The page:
Audi puts out a stunner in looks
ANOTHER week, another Audi – although the latest version to emerge in the German carmaker’s almost manic quest to have 42 distinct variants on sale by 2015 is among its most visually striking to date.
The A7 Sportback is a physical and logical extension of the equivalent A5, with which it shares two drivetrains and takes the luxury ‘‘five-door coupe’’ design language to its fullest extent. Crucially, the A7 shares its underpinnings with the forthcoming new generation A6 sedan and wagon that, while successful elsewhere in the world, is a feeble sales performer in Australia.
Aside from being a designer’s delight and an alternative to cars as diverse as MercedesBenz’s CLS and Porsche’s Panamera, the A7s we drove in Sardinia bode well for the A6 and suggest Audi Australia might at last have a challenger in more than name to the massively dominant E-Class and 5 Series.
In a word, stunning. If the A7 photographs captivatingly, its physical presence is overpowering. People stop and stare.
For all the talk of a ‘‘practical coupe’’, this is unapologetically an exercise in form over function. And for all its imposing dimensions (4.9m long by 1.9m wide) the A7 is only 1.4m high and houses four seats, though with 535 litres rear seats up/ 1360 down (accessible via an electronic hatch), its load space is capacious.
The more candid Audi folk smilingly call this a ‘‘styling decision’’. In other words they’ve done it because it looks great.
The cutting-edge shape is enhanced by a body-length tornado line almost sharp enough to draw blood, a reshaped single-frame grille and a new line of daytime running lights.
From the pert sloping rear hatch, a wing automatically raises at 130km/h, which means that it’ll never be seen on an Australian road. Right?
Audi’s inside story is as seductively class-leading as ever, the option of a highquality wood finish a welcome and warm departure from the usual leather and metal look.
While, unlike the smaller A5 Sportback, taller adults can sit in the A7’s rear pews without removing their heads or legs, the driver can barely see out the back and the rear windows do not wind down fully.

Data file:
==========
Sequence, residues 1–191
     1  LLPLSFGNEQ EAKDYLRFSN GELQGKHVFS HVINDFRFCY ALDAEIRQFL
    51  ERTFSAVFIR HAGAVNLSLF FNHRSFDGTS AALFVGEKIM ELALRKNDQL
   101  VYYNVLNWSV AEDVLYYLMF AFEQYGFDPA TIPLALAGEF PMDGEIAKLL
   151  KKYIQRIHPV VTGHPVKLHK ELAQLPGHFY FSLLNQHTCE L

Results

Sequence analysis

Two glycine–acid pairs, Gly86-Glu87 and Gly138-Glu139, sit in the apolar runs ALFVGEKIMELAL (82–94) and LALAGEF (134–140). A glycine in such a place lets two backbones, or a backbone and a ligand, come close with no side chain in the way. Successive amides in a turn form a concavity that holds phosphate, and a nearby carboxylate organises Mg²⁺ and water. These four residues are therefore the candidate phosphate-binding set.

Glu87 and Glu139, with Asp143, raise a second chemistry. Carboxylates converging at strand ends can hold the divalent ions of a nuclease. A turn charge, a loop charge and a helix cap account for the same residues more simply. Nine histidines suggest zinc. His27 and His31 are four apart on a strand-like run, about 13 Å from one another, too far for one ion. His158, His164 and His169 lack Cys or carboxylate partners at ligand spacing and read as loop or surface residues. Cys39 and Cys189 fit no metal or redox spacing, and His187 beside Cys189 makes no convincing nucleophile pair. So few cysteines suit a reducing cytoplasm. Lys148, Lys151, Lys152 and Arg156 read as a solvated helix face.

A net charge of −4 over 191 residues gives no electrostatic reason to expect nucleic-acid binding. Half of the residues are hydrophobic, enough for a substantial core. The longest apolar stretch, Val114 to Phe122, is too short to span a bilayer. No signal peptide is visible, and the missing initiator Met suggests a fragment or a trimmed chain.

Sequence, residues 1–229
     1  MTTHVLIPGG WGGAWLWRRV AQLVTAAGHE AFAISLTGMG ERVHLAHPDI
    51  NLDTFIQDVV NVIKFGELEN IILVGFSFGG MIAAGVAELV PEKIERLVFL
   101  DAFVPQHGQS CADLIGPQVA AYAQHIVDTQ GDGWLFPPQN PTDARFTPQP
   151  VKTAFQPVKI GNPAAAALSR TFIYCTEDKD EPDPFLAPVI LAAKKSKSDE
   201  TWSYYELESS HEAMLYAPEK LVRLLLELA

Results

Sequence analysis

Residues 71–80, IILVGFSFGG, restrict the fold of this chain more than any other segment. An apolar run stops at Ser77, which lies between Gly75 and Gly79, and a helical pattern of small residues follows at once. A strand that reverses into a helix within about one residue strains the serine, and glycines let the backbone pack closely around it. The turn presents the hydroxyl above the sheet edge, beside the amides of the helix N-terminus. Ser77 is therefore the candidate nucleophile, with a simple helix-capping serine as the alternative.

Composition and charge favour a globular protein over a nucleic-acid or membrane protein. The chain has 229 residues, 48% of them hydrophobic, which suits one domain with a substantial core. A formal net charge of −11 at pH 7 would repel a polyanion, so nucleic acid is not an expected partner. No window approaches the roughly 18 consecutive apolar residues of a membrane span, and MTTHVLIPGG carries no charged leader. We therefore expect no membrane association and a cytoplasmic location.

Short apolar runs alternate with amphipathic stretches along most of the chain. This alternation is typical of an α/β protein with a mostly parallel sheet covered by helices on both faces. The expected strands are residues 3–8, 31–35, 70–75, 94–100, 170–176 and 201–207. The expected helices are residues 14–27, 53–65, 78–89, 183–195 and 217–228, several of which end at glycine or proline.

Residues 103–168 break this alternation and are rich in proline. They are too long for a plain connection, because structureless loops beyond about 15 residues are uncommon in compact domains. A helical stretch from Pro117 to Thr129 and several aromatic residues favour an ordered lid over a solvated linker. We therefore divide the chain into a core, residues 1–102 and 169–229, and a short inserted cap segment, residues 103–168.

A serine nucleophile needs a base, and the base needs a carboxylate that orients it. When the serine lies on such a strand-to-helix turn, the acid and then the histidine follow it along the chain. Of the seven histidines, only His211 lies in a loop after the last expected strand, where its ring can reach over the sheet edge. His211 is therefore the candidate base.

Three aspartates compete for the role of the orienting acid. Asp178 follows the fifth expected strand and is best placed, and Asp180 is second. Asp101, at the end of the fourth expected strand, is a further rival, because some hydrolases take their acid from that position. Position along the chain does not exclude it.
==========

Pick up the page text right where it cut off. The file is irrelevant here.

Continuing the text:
With local release not due for six months, Audi Australia is in negotiation with headquarters over specification and price.
Common sense points to it sitting above the rest of the A6 range and beneath A8, so a $150,000-$160,000 starting point is our educated guestimate.
What’s certain is that Australia gets quattro all-wheel drive and seven-speed S tronic dual clutch automated transmission as standard, along with a start-stop system and energy recovery.
A Bose sound system is also standard, as is Valcona leather and either wood grain or aluminum finish, MMI navigation with touchpad and 8-inch display, convenience key, a threespoke steering wheel with shifting paddles and four-zone airconditioning.
Options include quattro sport differential at about $3000, sports air suspension, which is an extra $2200 in the new A8 sedan, side assist, adaptive cruise control, Bang and Olufsen sound system, and an S line sport package with lowered suspension, 19-inch alloys, sports seats and bespoke trim. The brand’s first self-reverse parking function is also on the options list, but its first headsup display is a possible standard fixture.
Aside from the fruit mentioned above, the A7’s tech highlights are its excellent engines. The ones we’ll see are familiar.
The 3.0 TDI six-cylinder turbo diesel is good for 180kW/ 500Nm, 0-100km/h in 6.3 seconds while using six litres of the good oil per 100km on the combined cycle.
Its petrol companion 3.0 TFSI uses the supercharged V6 from the S5 Sportback that packs 220kW/440Nm, a 5.6-second sprint time and uses 8.2 litres of 98 RON per 100km.
A version with the 2.8 naturally aspirated V6 from the current A6 is under discussion.
The use of aluminum sheeting on the door bonnet and hatch, and cast aluminum keeps weight down, so that even with AWD, auto transmission and diesel donk, the TDI is 1770kg unladen, the TFSI 1695.
The standard quattro varies torque constantly between front and rear axles and brakes the inside wheels in hard cornering. The optional sports differential actively manages torque between wheels.
The stop/start function, new to this transmission, switches the engine off when fully halted, resuming when the accelerator is pressed.
The five-star crash safety rating assigned to the car is a given with the full raft of active and passive safety features including ABS, ESP.
There are airbags for the driver and passenger, at the front, side and curtains.
Active cruise control and side assist are among the likely options.
But as visible as the lane- filling A7 is, LED lights ablaze, the driver isn’t ensconced in those high sills and thick pillars. Vast wing mirrors and reversing camera compensate for the mail slit of rear window. The spare is a space saver.
The A7 doesn’t alter those Audi inevitabilities.
You know them by now: BMW provides a sharper drive, a Merc will likely ride better in our patch of the planet, and the steering cries out for more feel.
But Audi’s growing army of customers could care less. Treat the A7 as a grand tourer with infusions of sport and you’re on the right track though preferably a wide track with a seamless surface.